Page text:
You are watching a conference video, coding along with a tutorial, or attending a live event where the presenter quickly scaffolds out a project to demonstrate the fundamentals of some framework. There is a high probability that it is a ToDo application. Right at the end, if you're really lucky, the presenter will mention testing, and it will sound something like, "Let's write some tests for our nifty little app. You'd probably want to use Test-driven development (TDD) and write these tests first."
That has been my experience the majority of the time. I've even bought online courses that make promises like learn to build Angular the TDD way, and those courses actually focus on the testing framework instead of TDD. Most of the time the application is already working, and the tests are written at the end.
Learning how to use a testing framework is less important than learning how to write tests.
Writing tests isn't about whether you prefer Jasmine's built-in assertions or Mocha's assertion-agnostic approach, to name two of the many, many testing frameworks. Writing tests is about asking questions.
What kind of questions?
Good question. 😏
Once you've wrapped your head around the steps for TDD (paraphrasing, write failing tests, write the code that is being tested until those tests pass, refactor/make improvements without breaking all the tests), you'll be left wondering what exactly you should be testing. I loved growing up with Angular, but the early documentation on testing left me disappointed. Do I really need to ask my component if the title I typed into the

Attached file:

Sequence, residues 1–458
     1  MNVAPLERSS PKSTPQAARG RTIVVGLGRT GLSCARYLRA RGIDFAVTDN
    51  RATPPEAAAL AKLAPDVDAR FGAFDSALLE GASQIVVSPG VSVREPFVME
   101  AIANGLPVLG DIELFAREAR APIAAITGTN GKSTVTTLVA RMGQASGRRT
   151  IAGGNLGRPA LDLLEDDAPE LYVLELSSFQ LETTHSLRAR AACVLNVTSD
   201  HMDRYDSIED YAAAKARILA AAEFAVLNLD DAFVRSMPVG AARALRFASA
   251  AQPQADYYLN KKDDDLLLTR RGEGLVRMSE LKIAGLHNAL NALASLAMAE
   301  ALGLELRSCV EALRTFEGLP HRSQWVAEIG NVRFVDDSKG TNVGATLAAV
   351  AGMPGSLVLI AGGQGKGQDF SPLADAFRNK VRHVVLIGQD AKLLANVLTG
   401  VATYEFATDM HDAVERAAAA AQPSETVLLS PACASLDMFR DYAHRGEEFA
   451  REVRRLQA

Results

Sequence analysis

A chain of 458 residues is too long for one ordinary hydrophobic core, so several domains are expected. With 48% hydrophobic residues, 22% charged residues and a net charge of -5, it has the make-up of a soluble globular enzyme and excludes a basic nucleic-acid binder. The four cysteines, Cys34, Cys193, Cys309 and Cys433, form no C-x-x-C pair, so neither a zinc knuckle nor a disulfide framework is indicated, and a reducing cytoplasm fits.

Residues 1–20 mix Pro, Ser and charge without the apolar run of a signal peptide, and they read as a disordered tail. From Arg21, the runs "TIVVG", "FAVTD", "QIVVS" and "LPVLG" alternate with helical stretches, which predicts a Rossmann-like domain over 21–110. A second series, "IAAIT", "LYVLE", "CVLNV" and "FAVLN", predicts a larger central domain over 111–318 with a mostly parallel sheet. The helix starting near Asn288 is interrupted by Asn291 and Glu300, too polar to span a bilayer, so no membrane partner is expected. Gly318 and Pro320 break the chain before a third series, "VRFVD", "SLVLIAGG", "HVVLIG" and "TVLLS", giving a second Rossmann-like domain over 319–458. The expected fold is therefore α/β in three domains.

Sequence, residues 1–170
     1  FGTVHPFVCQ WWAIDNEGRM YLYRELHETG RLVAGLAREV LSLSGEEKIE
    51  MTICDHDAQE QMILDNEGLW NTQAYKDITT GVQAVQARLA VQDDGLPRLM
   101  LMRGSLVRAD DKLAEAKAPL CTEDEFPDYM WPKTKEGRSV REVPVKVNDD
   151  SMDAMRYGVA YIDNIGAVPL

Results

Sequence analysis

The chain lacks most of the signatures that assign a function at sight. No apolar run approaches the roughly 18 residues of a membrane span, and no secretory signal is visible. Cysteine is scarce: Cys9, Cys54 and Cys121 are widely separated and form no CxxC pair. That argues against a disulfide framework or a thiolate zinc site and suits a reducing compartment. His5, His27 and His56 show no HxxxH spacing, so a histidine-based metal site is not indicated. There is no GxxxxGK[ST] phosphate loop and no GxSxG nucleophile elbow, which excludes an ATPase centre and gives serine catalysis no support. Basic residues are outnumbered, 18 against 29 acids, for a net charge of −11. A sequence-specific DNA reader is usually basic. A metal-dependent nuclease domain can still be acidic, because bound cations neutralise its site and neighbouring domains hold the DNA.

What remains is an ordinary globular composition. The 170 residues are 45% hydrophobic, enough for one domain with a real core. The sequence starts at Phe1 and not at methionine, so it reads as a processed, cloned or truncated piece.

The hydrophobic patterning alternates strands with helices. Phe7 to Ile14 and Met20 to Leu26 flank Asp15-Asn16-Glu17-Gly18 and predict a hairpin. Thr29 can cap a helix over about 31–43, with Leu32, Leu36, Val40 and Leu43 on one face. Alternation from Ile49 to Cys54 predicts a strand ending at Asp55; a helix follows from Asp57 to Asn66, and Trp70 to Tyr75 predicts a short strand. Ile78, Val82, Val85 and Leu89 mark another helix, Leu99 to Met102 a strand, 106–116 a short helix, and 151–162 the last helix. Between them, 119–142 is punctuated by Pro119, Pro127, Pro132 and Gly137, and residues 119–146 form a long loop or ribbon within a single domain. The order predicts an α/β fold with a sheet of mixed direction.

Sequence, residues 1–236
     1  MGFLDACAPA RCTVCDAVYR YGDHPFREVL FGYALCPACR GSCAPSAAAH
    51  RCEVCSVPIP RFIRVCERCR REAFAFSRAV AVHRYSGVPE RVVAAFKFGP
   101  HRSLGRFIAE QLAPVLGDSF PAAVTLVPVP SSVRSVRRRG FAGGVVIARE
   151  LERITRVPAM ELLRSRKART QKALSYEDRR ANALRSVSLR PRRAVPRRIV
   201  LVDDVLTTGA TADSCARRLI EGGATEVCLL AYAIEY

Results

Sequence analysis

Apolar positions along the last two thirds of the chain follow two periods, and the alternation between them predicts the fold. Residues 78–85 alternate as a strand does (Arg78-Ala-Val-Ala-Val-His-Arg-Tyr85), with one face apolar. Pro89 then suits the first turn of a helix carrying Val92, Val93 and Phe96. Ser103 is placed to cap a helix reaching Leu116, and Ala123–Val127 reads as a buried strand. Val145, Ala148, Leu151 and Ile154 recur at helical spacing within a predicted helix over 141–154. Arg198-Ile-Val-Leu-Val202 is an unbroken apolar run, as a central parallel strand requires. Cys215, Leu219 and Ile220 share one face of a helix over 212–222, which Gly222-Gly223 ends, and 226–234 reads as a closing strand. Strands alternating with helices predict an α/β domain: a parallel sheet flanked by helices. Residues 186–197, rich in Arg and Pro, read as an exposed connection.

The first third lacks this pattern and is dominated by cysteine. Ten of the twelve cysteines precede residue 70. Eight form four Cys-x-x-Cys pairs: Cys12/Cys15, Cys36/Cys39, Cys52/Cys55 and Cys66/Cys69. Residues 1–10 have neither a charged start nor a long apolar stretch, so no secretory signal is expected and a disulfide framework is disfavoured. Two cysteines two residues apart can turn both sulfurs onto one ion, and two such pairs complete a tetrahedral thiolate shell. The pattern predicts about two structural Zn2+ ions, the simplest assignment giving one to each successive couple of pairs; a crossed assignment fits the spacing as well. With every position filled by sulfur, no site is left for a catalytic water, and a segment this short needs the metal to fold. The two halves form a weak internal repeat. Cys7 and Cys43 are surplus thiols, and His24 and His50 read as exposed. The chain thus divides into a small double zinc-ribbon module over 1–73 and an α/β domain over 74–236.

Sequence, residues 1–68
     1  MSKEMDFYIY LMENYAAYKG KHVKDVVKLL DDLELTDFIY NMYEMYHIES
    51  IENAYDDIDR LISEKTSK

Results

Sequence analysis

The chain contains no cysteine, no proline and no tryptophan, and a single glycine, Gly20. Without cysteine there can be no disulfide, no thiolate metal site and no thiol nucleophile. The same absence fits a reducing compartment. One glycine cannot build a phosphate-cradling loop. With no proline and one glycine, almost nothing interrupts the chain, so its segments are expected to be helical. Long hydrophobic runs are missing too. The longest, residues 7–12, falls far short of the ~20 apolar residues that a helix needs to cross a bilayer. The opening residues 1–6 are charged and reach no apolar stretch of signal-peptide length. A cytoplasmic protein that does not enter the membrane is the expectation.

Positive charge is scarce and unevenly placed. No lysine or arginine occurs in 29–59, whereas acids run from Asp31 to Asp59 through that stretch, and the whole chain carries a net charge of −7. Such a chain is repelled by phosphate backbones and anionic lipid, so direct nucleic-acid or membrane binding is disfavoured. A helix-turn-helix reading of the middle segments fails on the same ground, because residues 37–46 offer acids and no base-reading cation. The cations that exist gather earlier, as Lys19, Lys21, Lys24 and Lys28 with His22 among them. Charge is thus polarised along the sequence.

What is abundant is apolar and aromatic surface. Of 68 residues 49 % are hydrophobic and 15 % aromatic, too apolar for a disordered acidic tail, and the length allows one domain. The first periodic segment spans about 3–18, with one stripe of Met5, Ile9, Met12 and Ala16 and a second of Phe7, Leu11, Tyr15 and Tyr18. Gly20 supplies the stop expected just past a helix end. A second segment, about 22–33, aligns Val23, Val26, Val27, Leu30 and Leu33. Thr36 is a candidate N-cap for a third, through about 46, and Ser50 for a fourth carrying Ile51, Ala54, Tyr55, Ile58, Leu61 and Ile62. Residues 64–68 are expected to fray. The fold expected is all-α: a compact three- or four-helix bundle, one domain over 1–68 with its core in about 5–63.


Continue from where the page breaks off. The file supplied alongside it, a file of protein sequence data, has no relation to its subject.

<title> tag is correct? Yes. No. Maybe? It's truly up to debate, and you'll find the answer only comes through experience with a much broader range of topics such as behavior-driven development and domain-driven design.
I believe we are all living our lives according to our own programming.
My unsolicited advice: just get started! A brief aside here … maybe you are green-dominant like me, and you feel like you have to have everything in place, all the knowledge, all the information before you can start something. In the process of learning about myself, this has been one of my greatest discoveries because it has prevented me from taking action in the past. Knowing my tendencies helps me to propel myself forward when I am stuck in an old pattern. Also, there are just as many testing frameworks for personalities as there are for code. I'd say that is pretty remarkable, but I believe we are all living our lives according to our own programming.
In my next article, we'll do exactly that by getting started with some testing/questions to ask while building your API. You'll see that building something new isn't just sitting down at the keyboard, grabbing a few things from your package manager, and just sticking them together until you figure out how your project is going to be designed. We'll start with the questions.
While writing this article, I popped over to GitHub and found this curated list of TDD resources. While I am losing an entire day diving down that rabbit hole, I'd love to hear about your favorites in the comments!